Rev. Stewart is a missionary of the Protestant Reformed Churches to the Covenant Protestant Reformed Fellowship of Northern Ireland. This series is being reprinted with permission from the Covenant Protestant Reformed Fellowship website, http://www.cprf.co.uk/ Volume IX, Issues 15 & 16.
Just days before His cross and in the midst of His Olivet discourse on His coming at the fall of Jerusalem and at the end of the world, Christ uttered these famous words: “Heaven and earth shall pass away, but my words shall not pass away” (Matt. 24:35).
By speaking of the heavens and earth as passing away, Christ does not mean that they will be annihilated or cease to exist. Instead the heaven and earth in their present condition and qualities will pass away. This will happen at the return of Christ when the world is purged by fire (II Peter 3). The renewed world or “new heavens and new earth” will result. Earth will still be the same planet only much more beautiful and glorious. It will no longer be a world of sin and death and the curse, for it will be filled with righteousness and the knowledge of God will cover the whole earth (Hab. 2:14).
Man is like the grass of the field which withers and dies. Human houses—no matter what their owners might think—won’t last forever (Ps. 49:11). Cities and empires decline and collapse—think of mighty Babylon! But the heavens and the earth, of all of created reality, are the most permanent and fixed. We take the solid ground underneath us for granted. It is terra firma. Sure it has existed for thousands of years!
But Christ states that God’s Word is more firm, enduring and permanent. One day the heavens and the earth (in their present qualities) will pass away but Christ’s words shall never pass away. The Greek text is emphatic: they shall never never pass away!
But why does Christ make this strong affirmation of the permanence of His words in this context? First, He has been speaking of glorious events which are hard to believe. The gospel will be preached to all nations (Matt. 24:14)! Think how incredible that must have appeared to the few disciples in the first century or the church in the middle ages. Christ will come again bodily in the clouds “with power and great glory” (30) and His angels will gather His elect “from one end of heaven to the other” (31). Could all these wonderful things really happen? Yes, for Christ says that His words shall never pass away.
Also, this promise of the certainty of his words is necessary here, because Christ is predicting events so terrible that we are apt to wonder if they could really happen: wars, famines, pestilences and earthquakes; great apostasy, false Christs and false prophets; great tribulation and persecution. The false Christs and false prophets “shall show great signs and wonders; insomuch that, if it were possible, they shall deceive the very elect” (24). But lest we doubt, Christ tells us that His words are more firm and enduring than the very earth under our feet! So believe it always, and don’t doubt!
Christ’s promise is all the more necessary today since almost 2,000 years have passed and He has not yet returned upon the clouds with His angels (30-31). The church is tempted to sleep and forget about her Lord’s second coming. Moreover, scoffers have arisen who deny Christ’s return (II Peter 3). Often these are renowned professional men with academic qualifications. “Man has come of age. We are scientific. The bodily return of Christ is a myth.” Thus Jesus’ words come to us: “Heaven and earth shall pass away, but my words shall not pass away.” So hold fast to this truth and do not be shaken by the wisdom of the world for it is “foolishness with God” (I Cor. 3:19).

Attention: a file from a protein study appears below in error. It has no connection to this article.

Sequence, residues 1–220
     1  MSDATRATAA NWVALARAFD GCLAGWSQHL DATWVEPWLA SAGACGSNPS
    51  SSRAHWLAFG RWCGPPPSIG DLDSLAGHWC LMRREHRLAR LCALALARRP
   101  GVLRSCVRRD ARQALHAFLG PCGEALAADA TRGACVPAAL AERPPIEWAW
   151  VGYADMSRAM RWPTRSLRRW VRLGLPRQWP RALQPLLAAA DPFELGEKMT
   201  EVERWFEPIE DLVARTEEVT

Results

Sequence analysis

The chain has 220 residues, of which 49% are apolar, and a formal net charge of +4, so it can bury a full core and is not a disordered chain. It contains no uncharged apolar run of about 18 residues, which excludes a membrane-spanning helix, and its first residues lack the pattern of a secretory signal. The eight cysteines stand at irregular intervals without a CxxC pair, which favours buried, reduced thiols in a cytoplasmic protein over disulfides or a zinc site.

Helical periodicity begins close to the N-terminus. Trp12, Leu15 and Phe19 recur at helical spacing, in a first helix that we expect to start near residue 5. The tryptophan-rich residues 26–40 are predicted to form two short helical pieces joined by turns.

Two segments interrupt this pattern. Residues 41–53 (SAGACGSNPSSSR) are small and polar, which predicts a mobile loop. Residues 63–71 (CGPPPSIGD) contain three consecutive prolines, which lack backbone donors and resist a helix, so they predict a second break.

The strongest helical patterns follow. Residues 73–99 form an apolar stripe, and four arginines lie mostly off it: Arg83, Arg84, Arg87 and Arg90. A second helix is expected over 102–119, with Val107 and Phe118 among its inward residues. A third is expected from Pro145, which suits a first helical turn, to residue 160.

Jesus does not say, “These my words shall not pass away,” as if He were speaking only of a particular utterance. Instead, He says, “My words [understood inclusively] shall not pass away.” Christ’s words in Matthew 24 on His coming at the fall of Jerusalem and at the end of the world, all of Christ’s words and all of Christ’s words in their context (i.e. the four gospels) shall not pass away. The NT is the words of Christ by His Spirit too. And would God promise to preserve the NT and not also preserve the OT? Thus Jesus here assures us of the preservation of the complete Word of God, OT and NT.
Christ’s promise is absolutely trustworthy; no part of God’s Word has passed away. There was no fifth gospel which was lost. The epistle that Paul wrote to the Corinthians before he wrote I Corinthians (I Cor. 5:9) has not come down to us for it was not inspired nor intended for the church of all ages. Similarly Paul’s letter to the Laodiceans (Col. 4:16) was not God-breathed. The alleged gospels and epistles by various apostles (e.g., Thomas and Andrew) are spurious. It is not the case either that God wanted to tell us more about Christ’s childhood or the forty days after His resurrection or Paul’s life after Acts 28, but that these have accidentally been lost to us. We have today all that God inspired for our learning for Christ’s words willnever pass away.
And it is not just the ideas of Scripture that are preserved for us. Jesus said, “Man shall not live by bread alone, but by every word that proceedeth out of the mouth of God” (Matt. 4:4). And how can we live by every word, if every word is not preserved? Beloved, every word of God is preserved according to Christ’s promise. Feed on these words for this is your life!